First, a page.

Engaging, not boring

Surveys are supposed to provide organizations with information about the needs of their customers and prospects, the hope is that this information can be leveraged into actionable information and make the recipient’s experience more meaningful. Yet so many surveys are full of flaws and as a result the responses are less valuable than expected.

One of the biggest mistakes made is the military-style opening the request for name, rank and serial number right out of the gate. I have seen many surveys that start off by asking the user to identify themselves, the survey then progresses to a series of multiple choice questions and ends with the text box for opinions.

Think about the last time you responded to a survey, did your answers skew from the start to the end? Typically, we lose interest and start half-reading the questions and answers. Most respondents start off the survey by giving aspirational answers but as time progresses they tune out and may contradict previous answers or completely abandon your survey. In either case, the end results aren’t helpful and can be a waste of time for all parties.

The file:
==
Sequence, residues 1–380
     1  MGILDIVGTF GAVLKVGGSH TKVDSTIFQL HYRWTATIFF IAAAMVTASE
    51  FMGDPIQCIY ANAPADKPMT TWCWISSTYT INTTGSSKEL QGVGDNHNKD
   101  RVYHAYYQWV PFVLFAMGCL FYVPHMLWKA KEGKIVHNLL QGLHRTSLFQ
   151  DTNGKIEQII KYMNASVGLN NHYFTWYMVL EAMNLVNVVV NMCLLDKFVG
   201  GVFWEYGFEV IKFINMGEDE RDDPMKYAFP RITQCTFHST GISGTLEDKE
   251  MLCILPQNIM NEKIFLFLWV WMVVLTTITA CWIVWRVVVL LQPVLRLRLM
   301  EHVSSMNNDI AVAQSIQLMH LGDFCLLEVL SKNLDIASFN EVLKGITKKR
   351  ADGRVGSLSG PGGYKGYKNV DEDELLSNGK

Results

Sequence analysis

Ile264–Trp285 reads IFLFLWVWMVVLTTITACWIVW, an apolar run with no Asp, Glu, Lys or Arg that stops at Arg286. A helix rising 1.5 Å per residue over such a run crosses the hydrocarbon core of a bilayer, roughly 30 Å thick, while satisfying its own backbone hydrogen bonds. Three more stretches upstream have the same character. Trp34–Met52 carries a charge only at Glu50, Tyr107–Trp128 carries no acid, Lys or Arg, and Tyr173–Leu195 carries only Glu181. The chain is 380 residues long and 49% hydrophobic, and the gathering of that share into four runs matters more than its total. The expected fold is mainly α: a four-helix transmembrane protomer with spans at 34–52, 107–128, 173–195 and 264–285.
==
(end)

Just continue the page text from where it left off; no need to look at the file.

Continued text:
A better way to engage the user is to ask them to share their opinion through a text box, keep questions interesting, engaging and try to solicit true views do this by offering creative response options or by keeping the question types variable. These strategies will help you hold the respondent’s attention and will ultimately yield more truthful responses. Collect your demographic information at then end when the respondent is on auto-pilot and more comfortable with providing the information.

Finally, try and leverage the responses in future communications email, social media, & print. Acknowledge that the update or change is a result of survey respondent; you’ll bank extra points with all recipients.